Too steep a price tag for the American dream
Long years of hard work, raising children on a tight budget, possibly working two jobs or even two parents working two jobs apiece. That’s the personal investment in the American dream.
A family will keep on because they know their goals: to be financially independent, to have a little more than barely enough, to own or rent a house and be able to heat it. To know where the next week’s meals are coming from. Maybe be able to buy one of those big, tough trucks that the TV commercials virtually promise will make the family real-life examples of living the American dream.
Generations of Americans have believed that success is theirs to win or lose, and that if they only stick with it, they will have real, U.S. of A. independence. But instead many are now wondering what they are doing wrong. They can’t keep up. Somebody seems to be moving the goalposts.
The United Way in Connecticut has an answer no one is going to like because it means relinquishing reassuring but inaccurate information, and it will call for courageous lawmaking.
The numbers do not lie. Using 2021 figures, United Way recently released its calculations of a “survival budget” for a family of two adults with two young children. In New London County it took $96,852 to pay for the necessities of housing, heating, food, transportation, health care and childcare. The median household income was $78,828. That leaves an annual gap of $18,024, perhaps more.
Federal Poverty Level estimates of what it costs for a family to pay their bills have long since become outdated, especially in pricey Connecticut.
Two years ago, nine percent of New London County households were living below the federal poverty line and nearly a third, 29 percent, were what the United Way calls ALICE households. Pandemic-era child care tax credits and other supports gave them a temporary boost, but those funds are winding down while high inflation does not.
ALICE stands for Asset Limited, Income Constrained and Employed. Translated, that means working people who may be living paycheck to paycheck, with little or no rainy day savings or such assets as home ownership. Typically, ALICE includes cashiers, cooks, some teachers, truck drivers, secretaries and personal care aides. In Connecticut in 2021 their median hourly wage ranged from $14.16 for retail sales to $37.72 for high school teachers.
Obviously, these are people without whom our society would not function and who must work steadily for their earnings. Yet they continually face food insecurity, late rent payments, a struggle to pay their bills, lack of savings for emergencies, and hard decisions about whether they can even afford to work if child care takes most of their earnings.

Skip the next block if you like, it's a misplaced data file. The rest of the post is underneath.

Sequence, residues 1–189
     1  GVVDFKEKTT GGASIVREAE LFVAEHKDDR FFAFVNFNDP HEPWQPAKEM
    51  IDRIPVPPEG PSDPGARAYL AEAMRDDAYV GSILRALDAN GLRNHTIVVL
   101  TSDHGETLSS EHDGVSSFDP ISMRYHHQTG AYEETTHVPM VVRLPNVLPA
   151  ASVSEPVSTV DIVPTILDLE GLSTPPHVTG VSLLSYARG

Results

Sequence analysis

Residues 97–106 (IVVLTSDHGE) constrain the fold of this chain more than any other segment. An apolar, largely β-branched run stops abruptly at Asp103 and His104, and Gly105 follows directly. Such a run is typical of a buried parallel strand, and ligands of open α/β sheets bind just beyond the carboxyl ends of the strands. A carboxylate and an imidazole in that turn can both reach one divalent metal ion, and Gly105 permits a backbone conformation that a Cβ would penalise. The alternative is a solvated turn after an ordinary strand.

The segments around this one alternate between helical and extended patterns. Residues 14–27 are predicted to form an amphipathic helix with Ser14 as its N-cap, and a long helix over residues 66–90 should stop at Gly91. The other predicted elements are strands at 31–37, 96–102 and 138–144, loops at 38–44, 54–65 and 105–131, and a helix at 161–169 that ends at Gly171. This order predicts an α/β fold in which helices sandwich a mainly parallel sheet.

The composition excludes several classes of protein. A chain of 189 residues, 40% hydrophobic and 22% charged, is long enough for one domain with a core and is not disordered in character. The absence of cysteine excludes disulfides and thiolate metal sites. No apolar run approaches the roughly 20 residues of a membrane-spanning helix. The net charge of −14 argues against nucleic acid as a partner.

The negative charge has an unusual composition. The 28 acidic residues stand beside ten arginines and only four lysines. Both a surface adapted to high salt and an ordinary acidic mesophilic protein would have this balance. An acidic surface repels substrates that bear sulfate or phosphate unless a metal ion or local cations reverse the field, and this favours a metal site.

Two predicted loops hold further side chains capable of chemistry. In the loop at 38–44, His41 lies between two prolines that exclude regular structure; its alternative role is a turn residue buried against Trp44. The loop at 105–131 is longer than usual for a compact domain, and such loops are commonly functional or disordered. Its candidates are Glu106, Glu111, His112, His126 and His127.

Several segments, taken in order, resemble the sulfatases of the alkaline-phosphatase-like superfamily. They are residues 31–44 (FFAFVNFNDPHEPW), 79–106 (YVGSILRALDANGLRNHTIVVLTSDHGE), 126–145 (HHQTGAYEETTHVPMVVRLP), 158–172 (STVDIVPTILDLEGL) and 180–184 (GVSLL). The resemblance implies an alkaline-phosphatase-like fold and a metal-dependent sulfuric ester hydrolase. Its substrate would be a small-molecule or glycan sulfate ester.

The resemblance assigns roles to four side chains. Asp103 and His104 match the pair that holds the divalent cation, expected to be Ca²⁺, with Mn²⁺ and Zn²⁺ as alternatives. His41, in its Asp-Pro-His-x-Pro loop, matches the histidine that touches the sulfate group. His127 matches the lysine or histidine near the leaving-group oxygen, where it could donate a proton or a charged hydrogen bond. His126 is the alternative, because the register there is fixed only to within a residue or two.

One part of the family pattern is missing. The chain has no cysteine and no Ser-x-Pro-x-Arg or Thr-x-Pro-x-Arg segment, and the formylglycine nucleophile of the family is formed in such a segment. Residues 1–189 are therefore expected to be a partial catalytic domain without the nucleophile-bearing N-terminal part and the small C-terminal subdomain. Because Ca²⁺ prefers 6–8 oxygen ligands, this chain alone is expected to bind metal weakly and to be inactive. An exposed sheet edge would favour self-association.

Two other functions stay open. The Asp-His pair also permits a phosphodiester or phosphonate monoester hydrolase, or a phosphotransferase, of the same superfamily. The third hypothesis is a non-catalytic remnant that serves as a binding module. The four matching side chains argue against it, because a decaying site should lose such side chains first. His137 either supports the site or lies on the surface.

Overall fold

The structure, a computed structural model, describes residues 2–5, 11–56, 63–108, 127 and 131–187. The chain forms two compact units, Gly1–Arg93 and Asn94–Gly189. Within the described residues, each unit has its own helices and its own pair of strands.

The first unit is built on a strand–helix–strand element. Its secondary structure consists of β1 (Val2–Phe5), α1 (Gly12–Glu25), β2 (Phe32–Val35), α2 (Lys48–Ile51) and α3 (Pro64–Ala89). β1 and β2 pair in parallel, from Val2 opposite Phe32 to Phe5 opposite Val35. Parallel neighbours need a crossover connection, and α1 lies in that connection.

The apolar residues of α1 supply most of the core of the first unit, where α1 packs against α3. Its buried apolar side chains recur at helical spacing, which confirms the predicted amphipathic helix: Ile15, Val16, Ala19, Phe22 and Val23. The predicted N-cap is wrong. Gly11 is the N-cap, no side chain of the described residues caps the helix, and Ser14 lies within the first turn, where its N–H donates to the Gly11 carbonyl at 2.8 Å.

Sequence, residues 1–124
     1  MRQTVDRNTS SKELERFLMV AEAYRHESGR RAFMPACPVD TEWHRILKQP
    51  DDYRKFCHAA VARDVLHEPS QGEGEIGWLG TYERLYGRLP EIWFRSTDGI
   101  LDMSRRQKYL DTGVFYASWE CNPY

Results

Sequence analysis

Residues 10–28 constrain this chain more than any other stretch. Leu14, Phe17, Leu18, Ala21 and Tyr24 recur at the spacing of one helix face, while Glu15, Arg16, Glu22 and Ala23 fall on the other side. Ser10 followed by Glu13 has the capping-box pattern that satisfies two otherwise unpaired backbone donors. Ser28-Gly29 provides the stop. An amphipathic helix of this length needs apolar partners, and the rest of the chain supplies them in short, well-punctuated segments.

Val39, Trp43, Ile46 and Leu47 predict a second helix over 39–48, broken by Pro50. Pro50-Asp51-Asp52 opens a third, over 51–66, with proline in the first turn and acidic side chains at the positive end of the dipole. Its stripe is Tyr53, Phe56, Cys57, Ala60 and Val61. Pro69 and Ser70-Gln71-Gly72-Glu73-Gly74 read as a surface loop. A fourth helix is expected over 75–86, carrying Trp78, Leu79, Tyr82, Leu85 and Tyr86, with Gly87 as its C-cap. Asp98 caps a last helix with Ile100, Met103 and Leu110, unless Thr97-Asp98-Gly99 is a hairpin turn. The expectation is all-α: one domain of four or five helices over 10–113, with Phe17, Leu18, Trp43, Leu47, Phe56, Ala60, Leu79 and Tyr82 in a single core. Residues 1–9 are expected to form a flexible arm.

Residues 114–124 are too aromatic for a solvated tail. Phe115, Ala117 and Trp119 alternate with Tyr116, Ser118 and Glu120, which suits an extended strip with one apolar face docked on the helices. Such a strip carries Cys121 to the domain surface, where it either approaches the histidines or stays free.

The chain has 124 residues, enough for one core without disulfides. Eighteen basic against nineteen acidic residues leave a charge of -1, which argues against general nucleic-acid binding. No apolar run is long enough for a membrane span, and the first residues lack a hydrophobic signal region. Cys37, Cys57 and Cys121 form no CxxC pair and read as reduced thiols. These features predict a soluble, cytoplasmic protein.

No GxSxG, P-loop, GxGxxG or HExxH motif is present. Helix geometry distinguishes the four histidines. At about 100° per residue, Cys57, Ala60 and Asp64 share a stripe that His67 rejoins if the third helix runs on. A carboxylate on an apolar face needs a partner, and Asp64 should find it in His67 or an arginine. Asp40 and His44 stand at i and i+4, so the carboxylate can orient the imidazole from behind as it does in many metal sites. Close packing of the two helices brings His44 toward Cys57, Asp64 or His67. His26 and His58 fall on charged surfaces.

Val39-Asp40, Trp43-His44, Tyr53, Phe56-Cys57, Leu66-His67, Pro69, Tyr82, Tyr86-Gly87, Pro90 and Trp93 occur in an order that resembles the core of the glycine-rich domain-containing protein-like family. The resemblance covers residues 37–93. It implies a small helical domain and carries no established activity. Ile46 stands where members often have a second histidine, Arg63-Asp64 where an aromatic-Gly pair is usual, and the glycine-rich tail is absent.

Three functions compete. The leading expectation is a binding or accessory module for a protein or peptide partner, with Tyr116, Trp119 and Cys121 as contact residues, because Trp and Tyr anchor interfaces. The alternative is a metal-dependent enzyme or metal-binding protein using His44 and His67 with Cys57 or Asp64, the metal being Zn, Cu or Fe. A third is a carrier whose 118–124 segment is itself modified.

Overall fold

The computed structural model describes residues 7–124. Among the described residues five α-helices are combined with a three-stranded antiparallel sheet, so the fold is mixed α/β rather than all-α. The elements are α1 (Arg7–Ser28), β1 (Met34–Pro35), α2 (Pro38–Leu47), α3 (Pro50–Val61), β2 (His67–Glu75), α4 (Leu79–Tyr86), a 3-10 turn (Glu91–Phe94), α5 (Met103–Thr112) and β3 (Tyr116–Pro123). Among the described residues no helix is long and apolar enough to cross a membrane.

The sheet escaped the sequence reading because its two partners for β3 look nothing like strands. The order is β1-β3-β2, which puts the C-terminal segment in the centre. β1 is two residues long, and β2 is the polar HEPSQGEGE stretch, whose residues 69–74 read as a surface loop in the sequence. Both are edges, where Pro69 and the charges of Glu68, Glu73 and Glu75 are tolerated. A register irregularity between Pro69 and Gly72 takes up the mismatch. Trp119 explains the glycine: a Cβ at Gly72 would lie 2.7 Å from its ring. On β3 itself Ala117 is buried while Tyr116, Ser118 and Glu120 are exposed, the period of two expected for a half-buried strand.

Minimum wage reforms fall far short. ALICE households may make a little more than before but because of inflation they have to spend disproportionately more. The disparities between whites and people of color, between households headed by a single woman and those headed by a single man persist by large margins.
The United Way has historically had close ties to labor and to employers; both groups regularly contribute to solutions. Labor union members have stepped up with one-on-one encouragement for financially struggling co-workers. They provide the personal assurance that reaching out for assistance does not mean failure. They provide practical help by pointing co-workers to the state’s 211 help line as a starting point.
Employers are a major source of funding and volunteers for United Way partner programs that can help with heating, job training, food, and affordable child care. Ultimately, however, the problems faced by ALICE families are symptoms that won’t be cured until wages and costs meet in the middle. Some fixes only government can make, so expect a push for the legislature to address laws and policies on child care tax credits, affordable housing, minimum wage levels and public transit for getting to better-paying jobs. If Congress can pull itself together and pass a budget, it can work on reining in inflation.
Connecticut is an expensive place to live but a good one. The gulf between what a family can earn and what they must spend can set the state economy back for everyone, not just now but for future workers. That’s not the American dream.
The Day editorial board meets regularly with political, business and community leaders and convenes weekly to formulate editorial viewpoints. It is composed of President and Publisher Timothy Dwyer, Executive Editor Izaskun E. Larrañeta, copy editor Owen Poole and retired deputy managing editor Lisa McGinley. However, only the publisher and editorial page editor are responsible for developing the editorial opinions. The board operates independently from the Day newsroom.
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